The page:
• Type of predators you will have to face
  • Local water quality
  • Proximity of prisons, nuclear reactors, chemical dumps
  • Severity of winters
  • How deep your well is
  • Home relative to rivers that may overflow
  • Economic outlook for your area
  • If you are used to people being around, population may be important to you. Is your closest neighbor a quarter mile down the road or ten miles down the road?
  • Crime may be a factor. In the very rural country crime is usually rare. However if you are close to a growing town, the crime will most definitely spill over to the countryside.
  • Having land near national parks may result in added restrictions due to being so close to federal property, or the added fear that the national park may annex your property.
  • TV (and probably internet???) might be tough due to either distance from the television transmitter or interference from nearby mountains.

How will any of these things affect you personally? Each person has his own tolerance level, his own coping abilities. A lot will ride on your motivations for moving to the country, and your specific expectations. Just the same, it’s best to consider the circumstances surrounding your new home so you don’t end up hitting a brick wall.


MOVE INTO A HOUSE. Don’t live in a sod hut or a teepee or a cave. Adjusting to country life is difficult enough in the beginning without having to deal with no comfortable home to return to. This advice extends to “fixer-uppers.” Just stay away! The only building code in the country is “don’t build on your neighbor’s property.”


You may love the country life, but there’s no getting around it: moving is stressful. This stress plus the stress of adapting to the country without something familiar to latch onto and steady yourself psychologically may leave you with literally forgetting why you moved to the country. Try to keep those reasons dear to your heart and close to your mind.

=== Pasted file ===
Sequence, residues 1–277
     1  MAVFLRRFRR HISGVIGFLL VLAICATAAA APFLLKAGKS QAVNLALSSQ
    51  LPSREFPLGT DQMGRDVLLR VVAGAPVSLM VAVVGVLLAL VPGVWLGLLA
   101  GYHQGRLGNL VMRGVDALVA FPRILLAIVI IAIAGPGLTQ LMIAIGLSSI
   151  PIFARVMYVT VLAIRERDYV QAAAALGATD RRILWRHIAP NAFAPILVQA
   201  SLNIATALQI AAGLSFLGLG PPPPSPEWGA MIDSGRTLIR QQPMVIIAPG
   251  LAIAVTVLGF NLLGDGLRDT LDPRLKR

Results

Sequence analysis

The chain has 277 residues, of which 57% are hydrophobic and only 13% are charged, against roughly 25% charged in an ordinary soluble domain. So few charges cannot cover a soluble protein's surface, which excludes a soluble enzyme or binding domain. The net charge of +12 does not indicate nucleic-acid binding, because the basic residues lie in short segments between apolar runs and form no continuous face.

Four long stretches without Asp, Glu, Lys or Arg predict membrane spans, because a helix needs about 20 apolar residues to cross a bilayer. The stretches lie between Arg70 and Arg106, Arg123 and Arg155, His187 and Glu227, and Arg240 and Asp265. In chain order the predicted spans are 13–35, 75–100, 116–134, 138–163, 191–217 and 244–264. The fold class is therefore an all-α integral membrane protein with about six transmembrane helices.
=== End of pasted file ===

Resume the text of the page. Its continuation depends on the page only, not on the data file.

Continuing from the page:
CHAPTER THREE: You’re There. Now What?

Reality Descends Hard

Adversity is commonplace in the country and wastes no time finding you. Be prepared to work hard and address it: you have to earn the benefits of the country they are not automatically given to you.


The single most important ability to survive in the country is the ability to endure. There are no certified experts in the country and you must have the mental attitude to take charge and be your own plumber, carpenter, mechanic, etc. as the needs arise.

Butchering is something else you may find yourself doing. It becomes a natural process where you take pride in being efficient and humane. You take on a huge responsibility, interacting intimately with life and death, and you know where your food comes from. This is a knowledge as old as humankind.


You need the right equipment. Here are tools that we have found vital:

  • Hammers (three different sizes and weights), with nails of all types and lengths
  • Staple gun, long and short staples
  • Wrenches of all sizes, screwdrivers, pliers, wire cutters, heavy scissors, ratchet sets.
  • Duct tape and wd-40
  • Garden hoes. Try to get an older, pre-modern one at a garage or farm sale.
  • Garden hoses, ½ inch heavy duty.
  • Garden cart, not wheelbarrow
  • Flat and pointed shovels, pickax, post hole digger.
  • Fence post pounder, fence wire stretcher. You WILL be putting in metal wire fencing.